11. says

    Donna, I like that. Sometimes we think we know what it is, but we don’t. The best we can do is keep trying to work it out, yes?

    Sheila, leave it to the farmer’s wife to get me into the compost. There’s not much light in that pile, but there’s plenty of heat, right? The morning pages (when I do them) are very helpful. I don’t always get them done, but I try. Gets a lot of things just plain out of the system.

    What do you think, Darlene? Is it enough? For some of us, a chimp in lipstick would be so far more than enough we wouldn’t know what else to do next. 😉 But others? We need more. I think that’s an every-person-has-to-answer thing. What they told you? They were right, you know. :)

  12. says

    Maureen, Maureen. Always, you come through. :) I don’t know if Julia prodding me or being sent, fearful, to Sister Ann Rita unnerves me more. :)

    TUC, great homework! I’m letting the book selection grow on me. :)

    I agree, Sandy, they come from somewhere. It’s interesting how you consider how maybe you heard something one way that was meant another. Which, of course, makes me consider how I say things. Which, to the people that matter most, is often not the way I wish I would. :)

    Megan, you are brilliant, as always. Thanks for sharing that Mandela quote. It’s one to ponder. What really does scare us?

  13. says

    Wow, Megan. Great quote for pondering.

    And Lyla, yes. I wonder how my words meant for good may have impacted badly. Where I tried to uplift, was it perceived as a putdown? Of course, we’re not so powerful that we can always control the reception as hard as we try.

  14. says

    Thanks for all the discussion here. I don’t have the book but am learning from you all. Lyla, your Hollow Leg inspires me. :) That’s one way I would mourn a lost shoe. I also appreciated knowing some of your rich artist’s history—and I really like your parents!

  15. says

    Megan, Thanks for sharing that Mandela quote: food for thought (and for soul)!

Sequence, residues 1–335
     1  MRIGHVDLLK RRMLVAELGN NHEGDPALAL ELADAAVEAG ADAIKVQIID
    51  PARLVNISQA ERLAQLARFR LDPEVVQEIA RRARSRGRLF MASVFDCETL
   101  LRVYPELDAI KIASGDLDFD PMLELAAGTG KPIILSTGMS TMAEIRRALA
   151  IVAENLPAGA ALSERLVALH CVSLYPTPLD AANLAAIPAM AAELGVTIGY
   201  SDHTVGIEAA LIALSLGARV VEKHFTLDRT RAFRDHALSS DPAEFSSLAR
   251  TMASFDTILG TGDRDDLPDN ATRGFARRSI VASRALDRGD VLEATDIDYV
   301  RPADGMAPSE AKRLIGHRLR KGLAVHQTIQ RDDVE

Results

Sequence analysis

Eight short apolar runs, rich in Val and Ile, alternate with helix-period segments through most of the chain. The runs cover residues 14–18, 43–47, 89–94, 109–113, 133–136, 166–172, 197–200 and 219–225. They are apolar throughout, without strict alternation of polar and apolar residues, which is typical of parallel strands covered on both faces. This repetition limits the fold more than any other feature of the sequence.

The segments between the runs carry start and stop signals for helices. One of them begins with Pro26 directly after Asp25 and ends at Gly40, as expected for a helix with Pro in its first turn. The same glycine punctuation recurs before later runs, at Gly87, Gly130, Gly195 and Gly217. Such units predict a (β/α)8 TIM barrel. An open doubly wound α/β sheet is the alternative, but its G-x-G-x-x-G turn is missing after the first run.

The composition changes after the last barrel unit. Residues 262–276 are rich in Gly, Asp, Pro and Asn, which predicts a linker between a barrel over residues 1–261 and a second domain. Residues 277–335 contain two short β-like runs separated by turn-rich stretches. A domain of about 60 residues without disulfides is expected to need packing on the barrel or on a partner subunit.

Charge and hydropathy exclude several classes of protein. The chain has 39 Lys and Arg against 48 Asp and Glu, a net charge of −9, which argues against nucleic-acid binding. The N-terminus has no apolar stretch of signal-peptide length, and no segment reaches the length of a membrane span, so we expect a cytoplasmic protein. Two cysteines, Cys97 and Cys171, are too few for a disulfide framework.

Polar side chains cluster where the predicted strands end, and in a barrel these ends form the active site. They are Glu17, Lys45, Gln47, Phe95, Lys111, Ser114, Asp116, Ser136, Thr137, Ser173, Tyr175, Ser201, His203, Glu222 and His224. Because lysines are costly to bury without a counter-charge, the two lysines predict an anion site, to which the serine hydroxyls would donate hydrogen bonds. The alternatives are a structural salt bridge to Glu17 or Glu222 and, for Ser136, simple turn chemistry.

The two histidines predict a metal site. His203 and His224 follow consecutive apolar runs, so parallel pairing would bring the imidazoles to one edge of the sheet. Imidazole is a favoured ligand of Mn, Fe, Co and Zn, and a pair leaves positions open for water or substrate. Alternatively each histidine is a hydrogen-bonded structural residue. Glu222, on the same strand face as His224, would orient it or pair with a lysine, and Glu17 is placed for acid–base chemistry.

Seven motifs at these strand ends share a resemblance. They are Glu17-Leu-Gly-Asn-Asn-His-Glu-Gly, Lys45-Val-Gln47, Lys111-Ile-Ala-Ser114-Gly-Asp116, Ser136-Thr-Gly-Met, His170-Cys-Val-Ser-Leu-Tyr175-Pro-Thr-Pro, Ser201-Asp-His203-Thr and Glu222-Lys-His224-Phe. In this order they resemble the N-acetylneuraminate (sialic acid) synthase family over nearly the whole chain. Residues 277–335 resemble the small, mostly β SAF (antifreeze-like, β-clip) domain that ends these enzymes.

Maureen, you are the goddess of found poetry. How DO you do it?

    Lyla, I read and worked through the Artist’s Way the summer I turned 23. I told my husband last week that if it hadn’t been for Julia Cameron, I’d never have agreed to date him; I was that shy, that scared. I think he’s going to write her a thank you note. :)

    As I reread Chapter 1 this week, a couple lines stood out to me:

    1. “It is impossible to get better and look good at the same time.” (p 30) I thought of all we do here at Tweetspeak, playing with words, and sometimes we probably look like dorks and don’t even know it (you’re not the only one who fears that!), but the lovely thing about this place is that people (Laura is especially good at this) get that we’re growing and that we might say/write lame things and that that is simply part of becoming a better writer.

    2. “All too often it is audacity and not talent that moves an artist to center stage…We may be able to defer to true genius, but if it’s merely a genius for self-promotion we’re witnessing, our resentment runs high. This is not just jealousy. It is a stalling technique that reinforces our staying stuck.” (p.33-4)

    Ahem. I often feel like the green-eyed monster’s vacation house in the Hamptons. You know, the place he comes for a few weeks a couple times a year, to make a mess and let the butler (that would also be me in this mixed-up metaphor) clean up after he goes back to his job in Manhattan. Because every few months or so, just when I think I’ve grown out of this tendency-toward-envy, he rears his ugly head and hisses in my ears and I find that I am very, very jealous of this writer or that one, whose skill seems fairly equal to my own but whose audience surpasses mine by a mile-high stack of zeroes after the one.